Among other things, U.S. Navy SEALs are known for their imagination and intrepidity. Those characteristics are instilled in them from very early on in their careers. Indeed, the initiation begins during the Basic Underwater Demolition/SEAL (BUD/S) training, where students are encouraged to think outside the box. The results of this thinking, however, can sometimes be hilarious.
In one of their last acts as BUD/S students, the sailors of class 250 transported a huge boulder of unknown origin and planted it in the middle of the parking lot of the Naval Special Warfare Center (NSWC). NSWC is the training facility where aspiring Navy SEAL candidates are assessed for suitability to continue on at SEAL Qualification Training.
According to Lieutenant Tom Deshazo, who graduated with class 250 and is now the orientation officer in charge (OIC) of the Naval Special Warfare Center, the origin of the humongous boulder is unknown. “Some in BUD/S class 250 are not even sure of where it came from and how it got to its current location at the back gate of Basic Training Command,” he said. “I know it was brought there some time in the middle of the night to the surprise of the instructor staff.”
One version of the tale has class 250’s “Smurf Crew,” the boat crew comprised of the shortest members of every BUD/S class, finding the boulder in the Californian desert, loading it on a truck, and stealthily transporting it to the NSWC parking lot as a parting gift to their instructors.
Alongside the names of the graduates of class 250, there is an inscription that reads, “The secret to BUD/S is under this rock.” This intriguing message presumably refers to teamwork as the key ingredient of success in SEAL selection, since the boulder could only be placed there or moved by way of teamwork.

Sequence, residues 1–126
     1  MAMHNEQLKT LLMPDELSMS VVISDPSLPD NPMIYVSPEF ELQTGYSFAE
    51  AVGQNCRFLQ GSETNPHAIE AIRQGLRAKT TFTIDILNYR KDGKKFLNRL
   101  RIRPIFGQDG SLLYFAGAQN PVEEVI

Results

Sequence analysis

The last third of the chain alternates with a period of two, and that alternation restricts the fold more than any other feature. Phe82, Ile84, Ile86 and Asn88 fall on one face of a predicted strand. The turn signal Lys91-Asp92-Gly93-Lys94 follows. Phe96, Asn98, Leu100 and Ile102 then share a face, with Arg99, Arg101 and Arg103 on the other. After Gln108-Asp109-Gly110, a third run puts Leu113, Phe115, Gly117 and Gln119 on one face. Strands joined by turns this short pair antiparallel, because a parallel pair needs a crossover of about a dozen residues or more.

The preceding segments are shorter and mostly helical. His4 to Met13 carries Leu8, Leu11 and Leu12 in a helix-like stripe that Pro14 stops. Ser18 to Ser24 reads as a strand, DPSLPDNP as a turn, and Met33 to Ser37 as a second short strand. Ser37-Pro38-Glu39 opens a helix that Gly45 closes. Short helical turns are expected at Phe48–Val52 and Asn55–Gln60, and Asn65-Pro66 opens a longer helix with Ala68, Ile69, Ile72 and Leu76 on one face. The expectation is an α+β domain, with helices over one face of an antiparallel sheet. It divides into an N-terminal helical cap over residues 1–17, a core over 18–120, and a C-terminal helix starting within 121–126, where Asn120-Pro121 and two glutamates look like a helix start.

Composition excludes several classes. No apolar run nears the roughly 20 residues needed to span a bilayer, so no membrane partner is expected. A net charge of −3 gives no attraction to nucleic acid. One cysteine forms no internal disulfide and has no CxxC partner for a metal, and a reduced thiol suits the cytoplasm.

“The great thing about the story behind the rock is that it inspires the sailors who see it when they are at Basic Training Command,” added Deshazo. ”I have heard more than one story over the years; some have elements of truth, some are totally off base, but all are meant to motivate sailors.”
Leaving some kind of monument behind for the instructors and future BUD/S classes isn’t unheard of. For example, BUD/S class 300 left behind a Spartan shield that had engraved on it the names of the successful graduates.
On an interesting note, Medal of Honor recipient Michael Monsoor graduated with BUD/S class 250. Petty Officer 2nd Class (SEAL) Monsoor selflessly jumped on a grenade during an engagement with Iraqi insurgents on September 29, 2006. In doing so, he sacrificed his life so his brothers-in-arms would survive.
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